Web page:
I'm still wrestling with this one. It's not where my flesh wants to go, but I feel like the Holy Spirit is pushing me to team unity. At least these questions are slightly easier than that multiple wives question.
I like everything neat, organized, boxed up, and clear. Jimmy crickets. Why can't everything about God be neat, organized, boxed up, and clear?
While I was in Ethiopia I listened to a few sermons by Matt Chandler at the Village church. During a sermon titled "Eccentric and Faithful," Matt said something that I connected so so deeply that I grabbed my journal and wrote down a quote. Here it is.
"Surely you had to know that the Word of God was going to meet you some place that made you uncomfortable. If it didn't, it's not the Bible and He's not God. He's the god of your imagination, the one who makes everything like you feel comfortable. It's just not the God of the Bible. Is this messy and dangerous? --- Like life itself." - Matt Chandler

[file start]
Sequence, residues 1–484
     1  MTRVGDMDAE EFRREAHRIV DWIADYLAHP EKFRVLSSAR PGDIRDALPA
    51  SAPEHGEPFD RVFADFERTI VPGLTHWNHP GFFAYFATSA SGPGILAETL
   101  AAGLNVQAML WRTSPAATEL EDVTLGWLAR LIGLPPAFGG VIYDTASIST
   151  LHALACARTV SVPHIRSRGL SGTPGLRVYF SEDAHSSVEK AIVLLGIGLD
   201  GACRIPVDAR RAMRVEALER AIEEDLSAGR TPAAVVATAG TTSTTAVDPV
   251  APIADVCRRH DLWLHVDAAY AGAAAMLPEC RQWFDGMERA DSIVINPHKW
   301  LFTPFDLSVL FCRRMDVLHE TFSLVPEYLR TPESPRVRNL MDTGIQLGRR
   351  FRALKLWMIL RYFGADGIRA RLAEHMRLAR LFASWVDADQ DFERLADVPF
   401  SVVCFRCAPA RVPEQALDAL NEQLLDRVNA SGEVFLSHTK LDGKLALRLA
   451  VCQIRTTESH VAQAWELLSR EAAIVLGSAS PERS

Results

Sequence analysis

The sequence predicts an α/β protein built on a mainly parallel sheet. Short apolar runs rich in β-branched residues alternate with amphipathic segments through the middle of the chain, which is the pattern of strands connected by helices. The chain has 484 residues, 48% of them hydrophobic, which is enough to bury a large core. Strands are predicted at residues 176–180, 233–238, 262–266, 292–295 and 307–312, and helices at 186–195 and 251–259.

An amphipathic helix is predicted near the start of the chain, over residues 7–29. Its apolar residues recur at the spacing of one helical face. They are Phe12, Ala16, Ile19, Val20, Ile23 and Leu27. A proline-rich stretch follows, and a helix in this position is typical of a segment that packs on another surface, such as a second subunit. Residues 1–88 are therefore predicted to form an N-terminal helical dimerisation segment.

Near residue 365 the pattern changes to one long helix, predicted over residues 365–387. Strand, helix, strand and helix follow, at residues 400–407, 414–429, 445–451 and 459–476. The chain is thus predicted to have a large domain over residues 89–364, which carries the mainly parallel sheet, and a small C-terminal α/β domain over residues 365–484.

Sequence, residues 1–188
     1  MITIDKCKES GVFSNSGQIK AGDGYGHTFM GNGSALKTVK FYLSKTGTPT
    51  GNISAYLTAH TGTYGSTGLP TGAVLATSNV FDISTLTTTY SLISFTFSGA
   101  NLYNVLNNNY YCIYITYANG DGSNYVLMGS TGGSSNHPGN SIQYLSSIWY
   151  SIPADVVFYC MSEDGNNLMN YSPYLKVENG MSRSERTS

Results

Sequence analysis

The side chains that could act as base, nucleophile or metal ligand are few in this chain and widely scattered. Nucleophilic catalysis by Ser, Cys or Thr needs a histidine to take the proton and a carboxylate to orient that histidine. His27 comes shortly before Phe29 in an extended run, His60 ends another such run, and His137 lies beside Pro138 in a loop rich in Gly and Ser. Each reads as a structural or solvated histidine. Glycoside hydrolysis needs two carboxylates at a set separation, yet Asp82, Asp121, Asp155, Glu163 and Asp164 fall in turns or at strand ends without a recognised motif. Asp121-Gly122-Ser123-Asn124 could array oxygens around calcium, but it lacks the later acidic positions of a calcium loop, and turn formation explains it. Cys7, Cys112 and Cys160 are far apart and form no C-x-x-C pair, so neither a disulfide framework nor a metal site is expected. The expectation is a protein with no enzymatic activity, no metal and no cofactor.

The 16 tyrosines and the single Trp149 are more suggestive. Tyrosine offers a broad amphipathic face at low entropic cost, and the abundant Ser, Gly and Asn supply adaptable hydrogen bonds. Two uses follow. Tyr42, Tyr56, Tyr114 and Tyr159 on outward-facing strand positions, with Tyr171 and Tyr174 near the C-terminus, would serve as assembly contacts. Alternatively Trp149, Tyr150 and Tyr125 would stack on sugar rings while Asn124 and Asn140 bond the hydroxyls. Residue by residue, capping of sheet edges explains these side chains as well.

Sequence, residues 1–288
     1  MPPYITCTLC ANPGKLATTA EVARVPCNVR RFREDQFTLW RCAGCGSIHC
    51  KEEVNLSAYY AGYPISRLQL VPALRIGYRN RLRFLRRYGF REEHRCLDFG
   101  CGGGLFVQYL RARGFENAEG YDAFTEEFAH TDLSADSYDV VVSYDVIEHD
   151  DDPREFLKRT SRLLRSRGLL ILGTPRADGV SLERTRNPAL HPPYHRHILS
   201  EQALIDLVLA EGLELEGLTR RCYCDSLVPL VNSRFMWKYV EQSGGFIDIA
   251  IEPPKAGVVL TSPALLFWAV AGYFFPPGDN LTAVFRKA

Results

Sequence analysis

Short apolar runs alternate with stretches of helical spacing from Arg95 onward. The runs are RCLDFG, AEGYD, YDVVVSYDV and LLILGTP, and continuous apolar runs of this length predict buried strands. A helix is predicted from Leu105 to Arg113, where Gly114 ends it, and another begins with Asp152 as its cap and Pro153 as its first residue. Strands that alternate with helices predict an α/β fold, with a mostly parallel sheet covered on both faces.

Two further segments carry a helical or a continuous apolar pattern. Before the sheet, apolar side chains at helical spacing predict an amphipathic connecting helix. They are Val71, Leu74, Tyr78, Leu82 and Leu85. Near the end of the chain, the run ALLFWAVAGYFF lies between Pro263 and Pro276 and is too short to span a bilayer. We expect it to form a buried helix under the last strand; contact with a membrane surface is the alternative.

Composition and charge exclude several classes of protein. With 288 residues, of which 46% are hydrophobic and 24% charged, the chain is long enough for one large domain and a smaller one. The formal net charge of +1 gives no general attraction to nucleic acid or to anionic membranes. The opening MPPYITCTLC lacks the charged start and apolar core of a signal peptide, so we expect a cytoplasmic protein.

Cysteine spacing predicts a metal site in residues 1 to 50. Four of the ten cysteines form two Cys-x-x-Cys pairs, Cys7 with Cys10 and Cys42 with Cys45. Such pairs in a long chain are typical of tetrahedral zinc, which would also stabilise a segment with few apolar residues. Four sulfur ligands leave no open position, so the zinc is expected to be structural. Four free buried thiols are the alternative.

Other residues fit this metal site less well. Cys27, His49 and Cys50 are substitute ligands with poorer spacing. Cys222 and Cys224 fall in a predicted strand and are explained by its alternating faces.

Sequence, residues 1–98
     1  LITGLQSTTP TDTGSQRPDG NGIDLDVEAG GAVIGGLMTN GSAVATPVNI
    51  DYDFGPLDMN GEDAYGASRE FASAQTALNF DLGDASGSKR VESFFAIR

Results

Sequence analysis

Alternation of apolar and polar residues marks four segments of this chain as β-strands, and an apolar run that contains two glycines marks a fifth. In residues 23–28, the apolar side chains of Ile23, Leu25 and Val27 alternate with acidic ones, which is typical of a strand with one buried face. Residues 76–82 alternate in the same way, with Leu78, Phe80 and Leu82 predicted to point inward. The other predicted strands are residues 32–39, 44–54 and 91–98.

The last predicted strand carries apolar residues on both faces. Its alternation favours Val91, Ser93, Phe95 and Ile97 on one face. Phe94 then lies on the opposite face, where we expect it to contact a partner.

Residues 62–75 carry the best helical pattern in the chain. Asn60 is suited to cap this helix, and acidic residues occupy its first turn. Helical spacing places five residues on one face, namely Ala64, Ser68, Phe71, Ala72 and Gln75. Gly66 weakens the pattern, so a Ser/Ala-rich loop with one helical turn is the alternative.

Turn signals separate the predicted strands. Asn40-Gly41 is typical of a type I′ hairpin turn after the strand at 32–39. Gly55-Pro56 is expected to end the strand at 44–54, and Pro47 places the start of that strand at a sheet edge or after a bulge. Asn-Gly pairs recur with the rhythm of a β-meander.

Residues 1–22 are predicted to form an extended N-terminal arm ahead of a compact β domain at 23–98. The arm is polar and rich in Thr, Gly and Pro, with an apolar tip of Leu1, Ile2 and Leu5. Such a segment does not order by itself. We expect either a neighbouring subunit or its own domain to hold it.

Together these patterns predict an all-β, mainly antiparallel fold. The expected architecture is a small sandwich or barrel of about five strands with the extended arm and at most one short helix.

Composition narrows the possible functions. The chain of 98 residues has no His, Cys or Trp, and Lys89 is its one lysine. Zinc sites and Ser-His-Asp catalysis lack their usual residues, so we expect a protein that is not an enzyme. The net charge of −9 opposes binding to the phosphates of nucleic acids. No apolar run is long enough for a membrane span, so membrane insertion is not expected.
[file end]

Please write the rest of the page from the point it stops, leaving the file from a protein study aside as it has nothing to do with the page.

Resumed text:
I'm wrestling with my God. I don't want an imaginary god. I want the real, I Am God. I want Him even if His work is messy. Even if His work is dangerous. Especially when He makes me feel uncomfortable.
Change never comes out of a place of comfort. And change always needed in this world and in me as I strive to be more like Him. He is not messy. He is unchanging.
As much as I would like to think that I have all my thoughts, feelings, and other parts of my self neatly wrapped up and contained in the right places and boxes, the truth is I don't. God isn't the mess. I am.
"Count it all joy, my brothers, when you meet trials of various kinds, for you know that the testing of your faith produces steadfastness. And let steadfastness have its full effect, that you may be perfect and complete, lacking in nothing.
If any of you lacks wisdom, let him ask God, who gives generously to all without reproach, and it will be given him. But let him ask in faith, with no doubting, for the one who doubts is like a wave of the sea that is driven and tossed by the wind. For that person must not suppose that he will receive anything from the Lord; he is a double-minded man, unstable in all his ways.
Let the lowly brother boast in his exaltation, and the rich in his humiliation, because like a flower of the grass he will pass away. For the sun rises with its scorching heat and withers the grass; its flower falls, and its beauty perishes. So also will the rich man fade away in the midst of his pursuits.